Exxon Mobil Corporation (XOM) engages in the exploration, production, transportation, and sale of crude oil and natural gas. The company is a component of the S&P 500, Dow Jones Industrials and the Dividend Aristocrats indexes. Exxon Mobil has been consistently increasing its dividends for 28 years in a row, and has paid dividends for over one hundred years. (analysis)

In addition to that, investors could avoid paying taxes on dividend income by investing through tax-deferred accounts such as the ROTH IRA. There is a contribution limit of $5000 for taxpayers, and there is also an additional catch up contribution for taxpayers over the age of 50. Those contributions should come from earned income (such as employee income) and are phased out for high income individuals. While a ROTH IRA would not generate any tax savings today, any money put in it compound tax free forever, there are no required minimum distributions and any distributions from it are tax free.

Furthermore I doubt that quality dividend stocks such as the dividend achievers or dividend aristocrats would be affected much even if tax rates increase, because not every individual would pay top rates on dividend income. In addition to that dividend returns are much less volatile than stock price returns, which is the reason why retirees prefer dividend stocks in retirement. Focusing too much on just one aspect of the investment process could lead to subpar returns over time. Many investors who wait for a few months longer before they sold their stock in order to qualify for long-term capital gains treatment could see their paper gains evaporate and turn into massive losses. This is just one reason why focusing just on tax rates while ignoring business or market fundamentals of the companies one is invested in is a dangerous exercise.

Full Disclosure: Long all stocks mentioned except MSFT

This article was featured on the Carnival of Money Stories – Starting A Sideline Edition

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- The case for dividend investing in retirement
- Capital gains for dividend investors
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4 comments:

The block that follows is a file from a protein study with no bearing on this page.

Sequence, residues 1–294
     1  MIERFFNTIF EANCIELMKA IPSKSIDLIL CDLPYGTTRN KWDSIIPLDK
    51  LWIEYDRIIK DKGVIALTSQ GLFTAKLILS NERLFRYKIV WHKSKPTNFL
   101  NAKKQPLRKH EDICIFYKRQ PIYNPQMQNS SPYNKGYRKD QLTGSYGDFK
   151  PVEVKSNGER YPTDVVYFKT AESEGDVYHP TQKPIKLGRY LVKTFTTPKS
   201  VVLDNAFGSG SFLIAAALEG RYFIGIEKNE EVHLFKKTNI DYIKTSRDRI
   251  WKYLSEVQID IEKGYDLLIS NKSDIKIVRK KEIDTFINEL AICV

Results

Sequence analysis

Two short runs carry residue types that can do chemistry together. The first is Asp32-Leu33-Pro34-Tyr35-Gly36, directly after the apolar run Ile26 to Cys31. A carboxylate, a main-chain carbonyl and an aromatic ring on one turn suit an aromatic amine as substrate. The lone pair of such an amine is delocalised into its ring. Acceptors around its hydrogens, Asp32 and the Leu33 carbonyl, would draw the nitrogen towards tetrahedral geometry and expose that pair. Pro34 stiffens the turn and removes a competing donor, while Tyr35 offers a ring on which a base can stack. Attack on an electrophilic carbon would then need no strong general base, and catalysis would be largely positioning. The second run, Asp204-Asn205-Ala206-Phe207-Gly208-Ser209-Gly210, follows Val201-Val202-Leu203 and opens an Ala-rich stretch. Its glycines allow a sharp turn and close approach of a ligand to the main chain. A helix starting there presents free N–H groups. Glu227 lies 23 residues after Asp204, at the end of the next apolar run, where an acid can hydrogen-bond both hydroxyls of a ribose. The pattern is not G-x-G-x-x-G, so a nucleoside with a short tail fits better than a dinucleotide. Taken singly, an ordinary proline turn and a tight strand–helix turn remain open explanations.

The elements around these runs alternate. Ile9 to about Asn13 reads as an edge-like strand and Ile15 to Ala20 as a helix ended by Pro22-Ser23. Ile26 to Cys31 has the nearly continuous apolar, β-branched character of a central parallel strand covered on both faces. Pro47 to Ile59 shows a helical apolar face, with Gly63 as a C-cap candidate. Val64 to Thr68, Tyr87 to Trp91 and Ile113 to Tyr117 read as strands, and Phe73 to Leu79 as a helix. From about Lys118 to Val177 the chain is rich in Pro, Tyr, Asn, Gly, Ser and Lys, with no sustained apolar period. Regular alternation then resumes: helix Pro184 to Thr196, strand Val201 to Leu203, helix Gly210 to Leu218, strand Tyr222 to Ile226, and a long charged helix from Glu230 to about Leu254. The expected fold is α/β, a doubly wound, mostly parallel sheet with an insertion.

1. I will also point out that MLP's will be unaffected by tax changes since their dividends are taxed at the full income tax rate already. This may be a place where dividend investors choose to ride out any volatility caused by the sunset of Bush's tax cuts.

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  2. I'm with 'ya on this. Most of these companies pay dividends as a matter of policy to return to the shareholders income derived from the business. Yea, might be some companies that tweak their payouts based on a change in the tax law, but I suspect not many will turn the train around based on a nudge upward in taxes. Many owners of dividend stocks aren't in the higher brackets anyway, so the effect of higher taxes is not as bad as it may seem.

    By the way, I noticed over the week-end that the yield on Abbott Labs is the highest it has been since 1974 (5.07%), during that bear market. A chart of its dividend yield shows it rarely exceeding the 3% level. The stock has basically been stuck in a broad trading range since 1998/2000up to today, while the dividend payout has risen each year. It is also selling at a discount (.84%) on a relative PE to the market which, while not rare, is an opportunity in and of itself.

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  3. You know IMO regular quarterly stock buys (not offset by new shares given to employees) would be just as good as dividends but I do not know of any companies that do stock buy backs quarterly. Why not?

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  4. Annual Gain

    MLP's will be affected too, because the taxable income portion would be taxed at ordinary income tax rates, which are also increasing. While a major portion of MLP distributions is return on capital, when you sell higher rates on capital gains will affect you.

    David,

    Thanks for the note about ABT dividend yield. It is interesting to note that most companies in the dividend aristcrats list that I like are starting to yield more than what htey have yielded in many years.

    JW,

    I am not a big fan of buybacks. You sort of answered your own question - companies tend to buyback shares at inflated prices when times are great, only to dillute the number of shares outstanding at depressed prices when times are bad. For reference check General Electric (GE) over the past 5 years.